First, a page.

Venezuela is shutting down its border to combat currency smuggling

Venezuela is shutting down its western border with Colombia for 72 hours in order combat currency smuggling, President Nicolas Maduro said on Monday evening.

On Sunday, the Venezuelan government gave 72-hour notice that it would pull the 100-bolivar bank note from circulation in an effort to fight smuggling and food scarcity.

Maduro warned that people would not be able to bring those notes back into the country to trade for new bills.

Maduro said on Sunday that part of his plan was to prevent notes from being brought back into Venezuela in order to undercut the gangs hoarding them.

“I have given the orders to close all land, maritime and air possibilities so those bills taken out can’t be returned and they’re stuck with their fraud abroad,” he said on television on Sunday, according to the BBC.

“There has been a scam and smuggling of the one hundred bills on the border with Colombia,” Maduro said at the time. “We have tried the diplomatic way to deal with this problem with Colombia’s government; there are huge mafias.”

“On the border with Colombia all the exchange houses are in the hands of mafias linked to the right-wing,” Maduro said on Monday evening during the announcement.

The 100-bolivar note, Venezuela’s highest denomination, has fallen to about $0.02 on the black market. Central-bank data indicates there are about 6 billion of them in circulation, which would make it half of all the country’s currency.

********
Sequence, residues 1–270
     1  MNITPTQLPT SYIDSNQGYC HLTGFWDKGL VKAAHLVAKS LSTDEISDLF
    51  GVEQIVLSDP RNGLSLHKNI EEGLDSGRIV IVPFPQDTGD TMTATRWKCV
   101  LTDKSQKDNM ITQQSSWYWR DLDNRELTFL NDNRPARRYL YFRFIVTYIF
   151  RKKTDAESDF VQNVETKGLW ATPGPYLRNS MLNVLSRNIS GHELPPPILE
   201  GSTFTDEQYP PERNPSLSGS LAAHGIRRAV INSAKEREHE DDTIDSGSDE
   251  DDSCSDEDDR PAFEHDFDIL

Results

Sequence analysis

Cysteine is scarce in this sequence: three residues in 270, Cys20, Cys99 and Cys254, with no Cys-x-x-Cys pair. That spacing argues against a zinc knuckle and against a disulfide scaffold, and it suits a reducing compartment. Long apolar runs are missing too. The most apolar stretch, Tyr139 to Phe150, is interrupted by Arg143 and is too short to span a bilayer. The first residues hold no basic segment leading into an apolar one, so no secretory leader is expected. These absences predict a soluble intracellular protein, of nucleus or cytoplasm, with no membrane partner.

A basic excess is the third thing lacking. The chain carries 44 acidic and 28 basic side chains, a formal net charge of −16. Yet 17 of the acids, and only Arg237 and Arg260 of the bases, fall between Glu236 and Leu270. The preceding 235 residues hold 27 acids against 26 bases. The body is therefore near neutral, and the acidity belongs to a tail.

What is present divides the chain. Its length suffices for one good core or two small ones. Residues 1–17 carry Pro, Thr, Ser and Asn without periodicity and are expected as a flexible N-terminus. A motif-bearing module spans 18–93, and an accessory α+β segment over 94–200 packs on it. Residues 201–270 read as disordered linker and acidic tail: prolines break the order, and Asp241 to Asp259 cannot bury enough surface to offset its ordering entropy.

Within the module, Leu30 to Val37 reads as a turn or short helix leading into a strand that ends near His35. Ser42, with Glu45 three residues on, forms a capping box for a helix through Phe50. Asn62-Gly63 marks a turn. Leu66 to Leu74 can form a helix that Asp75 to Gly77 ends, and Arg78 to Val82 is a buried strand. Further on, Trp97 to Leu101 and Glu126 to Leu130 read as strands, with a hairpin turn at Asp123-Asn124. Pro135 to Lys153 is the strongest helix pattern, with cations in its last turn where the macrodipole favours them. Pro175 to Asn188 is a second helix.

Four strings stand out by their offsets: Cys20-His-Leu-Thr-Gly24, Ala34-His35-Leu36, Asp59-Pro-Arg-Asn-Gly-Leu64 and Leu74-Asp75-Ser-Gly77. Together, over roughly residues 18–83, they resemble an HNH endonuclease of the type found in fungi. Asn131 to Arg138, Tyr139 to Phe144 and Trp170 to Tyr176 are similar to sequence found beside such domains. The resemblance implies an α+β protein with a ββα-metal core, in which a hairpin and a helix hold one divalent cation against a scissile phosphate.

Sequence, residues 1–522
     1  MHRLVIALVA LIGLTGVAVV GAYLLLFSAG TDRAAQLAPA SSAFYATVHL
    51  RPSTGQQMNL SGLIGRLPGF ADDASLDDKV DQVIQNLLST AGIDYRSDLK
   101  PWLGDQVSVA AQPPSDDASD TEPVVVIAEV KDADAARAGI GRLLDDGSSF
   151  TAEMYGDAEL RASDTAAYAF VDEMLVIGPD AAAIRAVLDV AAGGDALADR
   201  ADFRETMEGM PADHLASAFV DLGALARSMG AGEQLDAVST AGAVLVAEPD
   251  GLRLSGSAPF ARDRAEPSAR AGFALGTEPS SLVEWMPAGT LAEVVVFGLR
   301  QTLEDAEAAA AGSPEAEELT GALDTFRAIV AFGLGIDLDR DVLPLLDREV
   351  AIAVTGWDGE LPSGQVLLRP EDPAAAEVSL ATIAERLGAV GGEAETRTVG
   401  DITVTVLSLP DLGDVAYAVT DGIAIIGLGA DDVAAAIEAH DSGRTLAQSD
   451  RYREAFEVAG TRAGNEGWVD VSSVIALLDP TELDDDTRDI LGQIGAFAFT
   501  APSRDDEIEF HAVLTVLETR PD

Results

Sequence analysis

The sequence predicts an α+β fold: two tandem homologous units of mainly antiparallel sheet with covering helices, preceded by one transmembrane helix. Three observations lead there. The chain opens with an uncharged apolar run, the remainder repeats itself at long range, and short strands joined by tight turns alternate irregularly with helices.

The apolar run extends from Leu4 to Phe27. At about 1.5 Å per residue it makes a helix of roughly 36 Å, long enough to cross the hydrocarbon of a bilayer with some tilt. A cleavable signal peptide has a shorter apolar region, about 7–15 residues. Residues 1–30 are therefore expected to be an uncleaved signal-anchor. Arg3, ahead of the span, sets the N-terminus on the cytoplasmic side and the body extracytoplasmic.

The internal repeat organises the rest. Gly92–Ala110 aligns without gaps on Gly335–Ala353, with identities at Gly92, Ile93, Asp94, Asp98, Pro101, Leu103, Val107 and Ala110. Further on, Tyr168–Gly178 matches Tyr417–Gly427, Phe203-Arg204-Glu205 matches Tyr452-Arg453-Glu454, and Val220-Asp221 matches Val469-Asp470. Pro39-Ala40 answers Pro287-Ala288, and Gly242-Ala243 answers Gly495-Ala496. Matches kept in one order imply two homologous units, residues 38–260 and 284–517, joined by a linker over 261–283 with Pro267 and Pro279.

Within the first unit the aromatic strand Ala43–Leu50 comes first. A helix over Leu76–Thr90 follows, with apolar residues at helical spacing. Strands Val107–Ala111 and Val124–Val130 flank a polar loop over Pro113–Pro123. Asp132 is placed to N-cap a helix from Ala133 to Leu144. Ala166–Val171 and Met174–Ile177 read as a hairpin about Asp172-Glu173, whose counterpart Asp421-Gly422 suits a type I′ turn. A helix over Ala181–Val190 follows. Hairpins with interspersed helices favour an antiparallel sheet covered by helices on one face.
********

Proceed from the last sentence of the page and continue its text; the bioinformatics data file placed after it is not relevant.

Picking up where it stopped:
Maduro said gangs held more than 300 billion bolivares worth of currency, most of it in 100-bolivar notes.

Venezuelans were given just 10 days to exchange 100-bolivar notes for new coins and bills that would range in value from 500 to 20,000 bolivars. Those currencies are slated to be introduced on December 15. An estimated one-third of Venezuelans have no bank account and keep their savings in the soon-to-be-worthless bills.

The border with Colombia has come to be a flash point amid Venezuela’s political and economic crises. In August last year, Maduro shuttered the border in what he said was an effort to crack down on paramilitaries, smugglers, and other criminals active in the area.

In August this year, facing pressure from Venezuelans trying to cross into Colombia to buy goods they couldn’t find at home, Maduro’s government reopened the border. Since the reopening, Venezuelans have crossed regularly, looking for relief from their country’s bleak conditions.

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